Most of us have lots of friends. But most of us aren’t getting the most out of our relationships, at least for what it takes to be the best person we can be, to grow and to maximize our lives. That’s where the Life Team concept comes in. This article will give you the steps to develop this powerful tool for growth.
In my just-released book People Fuel, I describe what a Life Team is. Simply put, it’s between 3-10 individuals with whom you engage on some sort of regular basis, and where the purpose is to support each others’ mutual growth. You can meet in a group, you can meet individually, or both. But the desired outcome is self-improvement in life, personal health, emotional growth, relationships, career and spiritual growth. All of what really matters!
There are 8 qualities a Life Team member needs to have, to make this all work. Here they are:
1. Shared essential values. You don’t need to have every life value be identical to yours, that can be too samey. But a basic similar lens on how you look at life.
2. Calendarized engagement in personal growth. A Life Team has a structure. “See you when I see you, bye”, in our busy world, means probably a long random time from now. But real growth requires committing to a calendar schedule and actually talking. It can just be a sharing of life’s highs and lows, a study of the Bible or a good book, or supporting and problem solving about your challenges.
3. A stance of “for” each other, with no judgment. Judgment prevents growth, it’s just that simple. When we are judged, we either retreat or push back. Nothing good happens. “For” means the Life Team members always want the best for each other, no matter what.
4. Vulnerability. We change when we are open and vulnerable about how we really are: our losses, hurts, mistakes and shame. To be fully optimized, we must be fully loved. And to be fully loved, we must be fully known.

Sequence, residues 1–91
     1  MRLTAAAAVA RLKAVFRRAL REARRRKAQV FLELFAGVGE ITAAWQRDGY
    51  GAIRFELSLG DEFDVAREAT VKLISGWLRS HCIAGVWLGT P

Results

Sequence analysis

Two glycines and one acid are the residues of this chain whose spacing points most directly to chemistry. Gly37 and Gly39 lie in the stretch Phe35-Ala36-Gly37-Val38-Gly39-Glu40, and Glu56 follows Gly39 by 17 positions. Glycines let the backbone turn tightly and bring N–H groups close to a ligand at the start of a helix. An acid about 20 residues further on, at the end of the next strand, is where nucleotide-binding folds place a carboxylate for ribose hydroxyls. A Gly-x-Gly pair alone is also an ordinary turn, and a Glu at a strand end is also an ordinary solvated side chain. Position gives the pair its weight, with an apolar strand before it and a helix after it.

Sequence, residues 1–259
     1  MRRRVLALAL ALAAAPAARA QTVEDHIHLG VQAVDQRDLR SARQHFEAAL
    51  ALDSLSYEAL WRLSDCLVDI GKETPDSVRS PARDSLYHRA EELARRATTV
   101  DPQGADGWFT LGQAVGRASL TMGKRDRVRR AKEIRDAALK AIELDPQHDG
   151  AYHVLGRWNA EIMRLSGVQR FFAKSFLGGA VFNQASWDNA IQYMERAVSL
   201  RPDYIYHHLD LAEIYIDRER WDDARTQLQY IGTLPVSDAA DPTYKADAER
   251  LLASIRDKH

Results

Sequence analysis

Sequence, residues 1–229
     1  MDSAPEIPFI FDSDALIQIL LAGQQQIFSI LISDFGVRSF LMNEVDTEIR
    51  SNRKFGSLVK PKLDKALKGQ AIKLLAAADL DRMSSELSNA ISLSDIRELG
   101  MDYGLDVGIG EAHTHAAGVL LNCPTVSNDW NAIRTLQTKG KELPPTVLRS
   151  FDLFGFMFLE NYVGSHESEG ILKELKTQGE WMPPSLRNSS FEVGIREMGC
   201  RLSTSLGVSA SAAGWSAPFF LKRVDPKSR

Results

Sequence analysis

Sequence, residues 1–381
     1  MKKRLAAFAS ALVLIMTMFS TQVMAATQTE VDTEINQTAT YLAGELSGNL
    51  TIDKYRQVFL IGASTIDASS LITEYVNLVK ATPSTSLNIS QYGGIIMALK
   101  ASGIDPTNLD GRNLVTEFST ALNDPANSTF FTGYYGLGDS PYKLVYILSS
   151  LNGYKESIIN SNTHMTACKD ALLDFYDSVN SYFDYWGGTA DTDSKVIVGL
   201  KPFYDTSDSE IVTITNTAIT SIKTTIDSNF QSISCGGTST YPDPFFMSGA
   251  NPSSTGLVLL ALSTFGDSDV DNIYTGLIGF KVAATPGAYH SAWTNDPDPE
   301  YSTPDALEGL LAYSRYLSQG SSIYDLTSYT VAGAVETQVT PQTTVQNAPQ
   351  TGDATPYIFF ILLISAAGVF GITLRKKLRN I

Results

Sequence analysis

5. Truthfulness. Members don’t avoid the hard conversations. They don’t let each other make costly mistakes in life, relationships, family or business without giving each other caring but direct feedback.
6. Mutuality. Everyone’s in this together. You’re all growing, and all vulnerable. It’s not about one person constantly bringing their problems to others for help. That’s more of being a service to that person. Instead, it’s a shifting and mutual arrangement of needs and support, back and forth, for each other.
7. Chemistry. The intangible. You have to feel some sort of “liking” for Life Team members. If the chemistry isn’t there, you begin to dread the conversations as a “well, it’s good for me”, instead of a “I can’t wait to have lunch with her.”
8. Availability. The members need to be around enough to make a difference. To do enough good to make the effort worth it, I recommend a minimum of at least one meaningful conversation a month. Life just gets better with a Life Team. For more information, read People Fuel, and best to